Analyst: Central Bank willing to make sacrifices on the Turkish lira, financial stability
The rate cut showed that the bank’s “overriding objective is to support economic growth and it is willing to make sacrifices on the Turkish lira, as well as on financial stability and price stability considerations,” said Phoenix Kalen, director of emerging market strategy at Societe Generale
Central Bank’s 100 basis point rate cut is making head waves among domestic and international investors. Most commentators think CBRT committed a mistake by cutting rates before head-line inflation began its presumed descent. Additionally, TL REAL deposit rates are now going to move deeply into negative territory, discouraging saver from holding the local currency.
Marking its eighth straight rate cut, Turkey’s central bank lowered its benchmark one-week repo rate from 9.75%, extending an aggressive easing cycle that has seen it fall 1,525 basis points in less than a year, beyond most analyst forecasts.
The median expectation was for a cut of 50 basis points in a Reuters poll of 18 economists, with predictions ranging between no change and a 100 basis point cut.
Speaking to CNBC.com, “The rate cut showed that the bank’s “overriding objective is to support economic growth and it is willing to make sacrifices on the Turkish lira, as well as on financial stability and price stability considerations,” said Phoenix Kalen, director of emerging market strategy at Societe Generale.
The lira hit its weakest level since August 2018, in New York session, despite more FX sales by state banks. Constantine Courcoulas and Kerim Karakaya
of Bloomberg wrote at the terminal: “Turkish government-owned lenders sold at least $300 million to support the currency after a bigger-than-expected rate cut piled pressure on the lira, according to two traders with knowledge of the matter. Interventions come as the lira tests the psychologically important 7-per-dollar mark, a level it hasn’t crossed since the August 2018 currency crisis.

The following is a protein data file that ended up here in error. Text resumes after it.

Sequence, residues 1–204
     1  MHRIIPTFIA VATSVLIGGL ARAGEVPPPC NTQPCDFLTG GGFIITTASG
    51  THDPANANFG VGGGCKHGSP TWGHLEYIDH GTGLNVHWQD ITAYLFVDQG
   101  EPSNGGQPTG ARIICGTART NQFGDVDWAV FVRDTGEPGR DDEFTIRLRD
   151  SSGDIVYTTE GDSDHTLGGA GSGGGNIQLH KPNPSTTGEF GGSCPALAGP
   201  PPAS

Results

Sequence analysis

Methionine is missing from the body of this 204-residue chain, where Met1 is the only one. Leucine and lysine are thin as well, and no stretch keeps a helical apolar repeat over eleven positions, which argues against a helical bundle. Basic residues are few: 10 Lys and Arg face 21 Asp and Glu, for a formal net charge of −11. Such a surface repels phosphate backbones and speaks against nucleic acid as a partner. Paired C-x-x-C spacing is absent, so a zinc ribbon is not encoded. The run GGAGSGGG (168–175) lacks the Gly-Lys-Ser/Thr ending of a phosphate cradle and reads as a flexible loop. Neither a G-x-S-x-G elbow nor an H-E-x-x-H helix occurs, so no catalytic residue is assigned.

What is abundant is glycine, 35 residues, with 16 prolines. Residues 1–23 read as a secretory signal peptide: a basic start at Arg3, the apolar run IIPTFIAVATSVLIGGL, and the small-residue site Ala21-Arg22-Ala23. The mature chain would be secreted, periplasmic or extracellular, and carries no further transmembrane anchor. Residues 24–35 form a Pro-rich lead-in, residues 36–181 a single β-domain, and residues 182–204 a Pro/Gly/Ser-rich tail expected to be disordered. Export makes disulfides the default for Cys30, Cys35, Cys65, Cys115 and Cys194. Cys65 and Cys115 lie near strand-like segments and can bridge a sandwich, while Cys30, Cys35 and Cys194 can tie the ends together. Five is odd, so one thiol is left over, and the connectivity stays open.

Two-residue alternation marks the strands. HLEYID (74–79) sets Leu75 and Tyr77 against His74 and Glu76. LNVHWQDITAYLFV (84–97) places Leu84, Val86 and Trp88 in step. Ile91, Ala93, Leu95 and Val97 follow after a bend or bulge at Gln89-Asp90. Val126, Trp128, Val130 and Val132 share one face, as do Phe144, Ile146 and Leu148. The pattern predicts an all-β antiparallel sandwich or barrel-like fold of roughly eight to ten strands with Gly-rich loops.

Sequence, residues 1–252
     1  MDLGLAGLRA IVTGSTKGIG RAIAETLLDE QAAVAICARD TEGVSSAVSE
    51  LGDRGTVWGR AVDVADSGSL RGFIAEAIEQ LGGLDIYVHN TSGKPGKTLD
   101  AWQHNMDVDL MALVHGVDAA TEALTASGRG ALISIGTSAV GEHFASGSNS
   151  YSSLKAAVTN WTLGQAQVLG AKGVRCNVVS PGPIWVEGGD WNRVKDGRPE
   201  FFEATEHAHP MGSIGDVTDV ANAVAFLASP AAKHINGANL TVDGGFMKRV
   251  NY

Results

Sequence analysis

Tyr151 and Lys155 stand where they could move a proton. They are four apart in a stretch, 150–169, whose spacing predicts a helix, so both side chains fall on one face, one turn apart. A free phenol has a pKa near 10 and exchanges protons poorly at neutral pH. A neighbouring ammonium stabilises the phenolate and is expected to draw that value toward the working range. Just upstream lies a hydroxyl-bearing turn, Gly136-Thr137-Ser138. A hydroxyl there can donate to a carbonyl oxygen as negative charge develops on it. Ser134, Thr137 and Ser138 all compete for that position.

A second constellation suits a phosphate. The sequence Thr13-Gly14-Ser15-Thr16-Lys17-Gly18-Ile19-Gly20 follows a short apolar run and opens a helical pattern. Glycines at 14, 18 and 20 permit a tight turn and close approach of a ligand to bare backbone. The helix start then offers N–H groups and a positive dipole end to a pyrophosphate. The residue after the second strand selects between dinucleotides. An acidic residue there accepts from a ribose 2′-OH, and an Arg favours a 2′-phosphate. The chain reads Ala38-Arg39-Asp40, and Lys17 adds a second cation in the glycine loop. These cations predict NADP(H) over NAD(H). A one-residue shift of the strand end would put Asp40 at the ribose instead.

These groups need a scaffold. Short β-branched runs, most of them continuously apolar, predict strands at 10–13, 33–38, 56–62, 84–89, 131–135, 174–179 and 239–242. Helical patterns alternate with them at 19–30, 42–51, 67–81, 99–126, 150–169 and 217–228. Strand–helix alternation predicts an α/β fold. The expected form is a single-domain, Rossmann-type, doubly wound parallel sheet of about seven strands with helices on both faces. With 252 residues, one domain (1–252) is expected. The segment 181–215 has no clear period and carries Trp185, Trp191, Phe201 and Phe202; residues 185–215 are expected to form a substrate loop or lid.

USD/TRY rose as much as 0.3% to 6.9991 per dollar; its all-time high is at 7.2362.
Speaking to Laura Pitel at Financial Times, Nafez Zouk, of the consultancy Oxford Economics, said that Turkey was in danger of a “classic balance of payments crisis”.
“The fall in export revenues from goods exports to Europe and from the fall in tourism are not going to offset the windfalls you get from oil prices,” he said.
Gross reserves, including gold, have fallen from $105bn at the start of the year to $89bn in the second week of April. That is equivalent to slightly more than half of Turkey’s short-term external debt, with $168.5bn of payments falling due in the next 12 months.
An independent economist working for a Turkish think-tank, who wished to remain anonymous e-mailed to PA Intellignece the following commnets:
“The Bank justifies the move on the grounds of a very weak growth and inflation outlook. It seems to have kept the very dovish inflation paragraph virtually unchanged from the previous statement (i.e. still sees downside risks to its forecast of 8.2%, which, of course, is debatable) but now growth concerns take centerstage, with the Bank making a fairly outlandish claim, to put it frankly, that “recent monetary and fiscal measures will contribute to financial stability and post-pandemic recovery by supporting the potential output of the economy”.
We know that protracted periods of demand weakness might have some supply-side consequences eventually, but we fail to follow the logic or the connection here as to how exactly “potential” output is supported with expansionary monetary and fiscal policies.
More importantly, the Bank does not acknowledge the risks or seem at all concerned about adverse consequences of real interest rates being deeply in negative territory. After all, the CBRT has been losing reserves at a very rapid pace, base money has been growing very fast, the lira has been depreciating quite rapidly despite the intervention, exposing firms with currency mismatches to another balance sheet shock; there is very little confidence in TL with the country risk premium hovering around all-time highs (at over 600 bps)”.
Has Turkey sealed its own fate with an ill-timed rate cut? In the absence of swap lines or a very quick end to Covid-19, more investors will ask this questions each passing day.
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